The concentration of their foreign investments in other advanced countries creates complications for capitalists when it comes to using the state to assert themselves over their rivals. US capitalists are not very keen on bombing their factories in Europe. European capitalists, if they had the strength, would not be very keen on bombing their factories in the US. But what they can do is use various sorts of struggles elsewhere in the world to exercise leverage over one another. And this is where the central question of the Middle East comes in because it is the centre of the production of the raw material that every capitalist country in the world needs – oil. The fight for control of the oil is a fight for control of power of one bloc of capitalists over other blocs of capitalists.
Most of the oil the US uses comes from the western hemisphere – from the US itself, Canada, Mexico and, very importantly, from Venezuela. It doesn’t come from the Middle East. But much of the oil that Europe uses comes from Middle East, nearly all the oil that Japan uses comes from the Middle East and increasingly the oil China depends upon comes from the Middle East.
What is the balance of forces between the different capitalist powers? The US is not all-powerful as its economy is only the same size as the economy of the enlarged European Union. It is stronger economically than it was ten years ago, but compared to 1945 it is much weaker. In 1945 half of world production took place inside the US. Today the figure is closer to 22 percent. The change has led to a long-term debate inside the US ruling class. It used to have hegemony everywhere outside the Soviet Union. The problem for the ruling class is how to reassert such hegemony.
One way has been through the rationalisation of US industry. In terms of production per person employed, American industry is more productive than French and German industry; but in terms of production per hour worked, French industry is more productive than American industry. The US has a lead over France and Germany because American workers work an average of 400 hours a year longer.
Part of the neoliberal project is the attempt by other capitalists to impose American methods of work on the rest of the world – for example, to increase the working year in France from 1,400 to 2,000 hours a year. The other side of the aggression of US imperialism internationally is the increased exploitation of American workers, which the capitalists of other countries are attempting to imitate.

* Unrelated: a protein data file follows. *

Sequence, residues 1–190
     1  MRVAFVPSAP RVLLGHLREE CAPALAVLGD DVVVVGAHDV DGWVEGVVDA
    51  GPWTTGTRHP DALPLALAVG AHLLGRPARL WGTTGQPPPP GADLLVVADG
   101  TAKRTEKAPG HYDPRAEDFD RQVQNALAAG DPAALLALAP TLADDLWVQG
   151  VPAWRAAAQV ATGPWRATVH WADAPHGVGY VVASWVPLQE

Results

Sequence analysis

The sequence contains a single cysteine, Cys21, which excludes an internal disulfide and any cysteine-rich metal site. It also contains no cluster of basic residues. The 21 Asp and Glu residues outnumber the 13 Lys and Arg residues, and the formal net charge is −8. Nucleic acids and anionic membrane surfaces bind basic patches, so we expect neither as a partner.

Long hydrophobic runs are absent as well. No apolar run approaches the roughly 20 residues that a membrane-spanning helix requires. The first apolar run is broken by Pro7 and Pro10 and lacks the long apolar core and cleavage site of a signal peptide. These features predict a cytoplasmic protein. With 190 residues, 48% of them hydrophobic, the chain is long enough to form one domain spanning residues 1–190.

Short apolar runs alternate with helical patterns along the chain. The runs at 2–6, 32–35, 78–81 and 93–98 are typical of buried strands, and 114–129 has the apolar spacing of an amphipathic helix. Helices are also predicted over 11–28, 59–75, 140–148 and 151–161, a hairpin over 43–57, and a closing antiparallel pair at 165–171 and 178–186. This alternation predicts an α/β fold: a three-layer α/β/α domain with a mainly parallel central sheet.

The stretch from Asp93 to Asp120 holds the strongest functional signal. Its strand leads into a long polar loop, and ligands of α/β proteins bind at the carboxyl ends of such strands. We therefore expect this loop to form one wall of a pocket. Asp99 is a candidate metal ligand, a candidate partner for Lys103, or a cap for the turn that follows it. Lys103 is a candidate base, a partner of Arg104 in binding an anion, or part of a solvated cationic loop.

For the last ten to 15 years there has been a discussion within the US ruling class about how it can maintain its global dominance. Books by key thinkers such as Henry Kissinger and Zbigniew Brzezinski are all about how the US can preserve its position in the world relative to the other powers, no one of which is as powerful as the US, but which have a much greater combined economic weight. Faced with this, two strategies have been attempted by US governments.
The first, under Reagan 20 years ago, was to build up armed might in order to crush the main opponent, at that stage Russia, at an enormous cost to the US economy. Reagan built up the armaments but by the end of the 1980s the US economy could no longer afford that level of armaments production. Fortunately for Reagan Russia cracked first.
Then there was a period under the Bush Senior administration and under Clinton, in which the US relied upon doing deals with the other capitalist powers in order to maintain a balance of power in its favour. But throughout this period there were continuing questions: could US imperialism just continue like this? Or would it face new threats?
With the new Bush administration a group within the ruling class gained office that had argued for some years that US imperialism could not remain idle while other countries emerged to challenge its power. For example they argued that if the Chinese economy continued to grow at the present rate, in 20 years time it would be more powerful than the US economy. That’s a rather stupid argument because a capitalist economy – subject as it is to crises and slumps – doesn’t just keep growing at the same rate indefinitely. But this is what they were worried about. They went on to argue that, faced with this situation, there was a window of opportunity for US imperialism to assert itself and ensure its hegemony for the whole of the 21st century.